code producing the warning and the warning are shown. When the square is red your code has a

syntax error and cannot be executed. You have to fix all the red lines before the code can be

executed.

9.1 List of common errors

Inner matrix dimensions must agree

Example: [1 2 3; 4 5 6] * [1 2 3; 4 5 6]

This error is produced when an improper matrix matrix multiplication is performed. If it was the

intention to do an element-wise multiplication * needs to be replaced with .*. Otherwise at least

one of the matrices has not the proper size or dimension.

Index exceeds matrix dimensions

Example:

A = ones(2,3)

A(3,2)

This error is produced when you try to access an element from outside the boundaries of a matrix. It

is possible that the row and column index got switched. It is also possible that the variable containing

the matrix was overwritten and is no longer a matrix.

Undefined function or variable

Examples:

clear

A(3,2)

clear

A

This error is produced when you try to access a variable or an element in a matrix that does not exist.

It is also possible that you tried to call a function that is not in your current working folder. In the

case of the variable and matrix make sure you did not accidently delete a variable in your code

somewhere. In the case of the function make sure you are in the correct working folder and make

sure that the function is present in that folder. Another common mistake producing this error is

making a type-o. For example:

62

interpolotation_facotr = 1.4

next_step = interpolotation_factor.*3

Example:

A = @(x) 1 + x x^2

A(3,2)

This error is produced when you try to give too much input arguments to a function. It is also

possible that you saved one of your own functions with the same as a built in Matlab function, such

as fsolve.m. This overrules the built in function and that is why you must NEVER name your own

functions the same as Matlab functions.

The expression to the left of the equals sign is not a valid target for an assignment

Example:

a = 3;

if a = 3

disp('a = 3')

end

This error is produced when you forget the double equal sign in a condition. This is a very common

mistake.

At least one END is missing:

Example:

a = 3;

if a == 3

disp('a = 3')

This error is produced when you forget an end for a loop or a conditional statement somewhere. Use

smart indentation to see the structure of your code. First select everything (ctrl + a) and then use

smart indentation (ctrl + i).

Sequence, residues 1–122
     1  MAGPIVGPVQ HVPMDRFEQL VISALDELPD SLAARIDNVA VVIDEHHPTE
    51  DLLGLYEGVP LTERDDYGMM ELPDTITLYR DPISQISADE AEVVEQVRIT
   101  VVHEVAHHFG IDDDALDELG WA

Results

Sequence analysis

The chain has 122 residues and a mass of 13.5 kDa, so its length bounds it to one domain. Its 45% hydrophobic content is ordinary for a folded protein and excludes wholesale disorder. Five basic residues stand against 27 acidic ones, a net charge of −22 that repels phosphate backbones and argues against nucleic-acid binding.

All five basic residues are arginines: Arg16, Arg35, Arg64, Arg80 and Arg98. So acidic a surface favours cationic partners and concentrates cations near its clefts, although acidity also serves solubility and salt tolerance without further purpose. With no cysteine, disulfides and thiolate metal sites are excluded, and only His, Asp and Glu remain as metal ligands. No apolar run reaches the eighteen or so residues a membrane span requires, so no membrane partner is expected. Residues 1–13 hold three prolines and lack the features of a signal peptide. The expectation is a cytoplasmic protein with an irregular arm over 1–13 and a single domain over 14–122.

Unbalanced or unexpected parenthesis or bracket

Example:

A = ([1:4 8:12)]

This error is produced when you make a mistake with parenthesis or brackets. Matlab will point with

the | sign in the error message where the error occurred. Also when you are in the editor and you

click on a parenthesis or a bracket, Matlab will underscore the matching opening or closing

parenthesis or bracket.

One last tip, look at the coloring of the code. By default keywords (function, for, if, end (when not

used for indexing)) are blue, strings are purple, comments are green. When you do not see coloring

at all your code may not be properly save as .m file. When you see wrong coloring you should look at

the code what it is wrong.

63

9.2 Debugging

Matlab also possesses a debug mode, which is a very nice feature to track what is going on in your

code. This is very handy for testing and tracing errors. It is very well possible that your code runs

without any errors, but does not produce the proper result. In such cases the debug mode useful to

find out where exactly the code goes wrong.

In the menu tabs there is a tab Editor. On this tab there is a button Breakpoints with all debug

options. To start the debug mode, go to the line where you want to set a so called break point and

press F12. It is also possible to click the black line next to the line number to the left of your editor

window. A break point is indicated by a red dot on the left side of the code. When Matlab encounters

a breakpoint while running code it will pause there and you are able to see the values of variables.

Next you can step by step through your code by hitting F10 for every step or you can run the rest of

the code to the end or until the next breakpoint by hitting F5. By hitting shift + F5 you can stop

executing the code while in debug mode.

Note that executing clear all also clears your breakpoints in your saved files whereas executing

clear does not.

64

The code of the following exercises can be downloaded from blackboard. The scripts contain

mistakes however and need to be debugged.

Exercise 9.1

Download the code from blackboard and debug it. The function takes a vector as input and calculates

the absolute difference between values next to each other in the input vector. The differences are

given as a vector in the output.

The input reshape(magic(3),1,9) should give the following output

5

Exercise 9.2

Download the code from blackboard and debug it. The function takes a matrix as input and puts the

values of those matrix on the diagonal of the output matrix. The values are taken from the first row,

then the second row, etc.

The input [1 2 3; 4 5 6; 7 8 9] should give the following output

1

0

0

0

0

0

0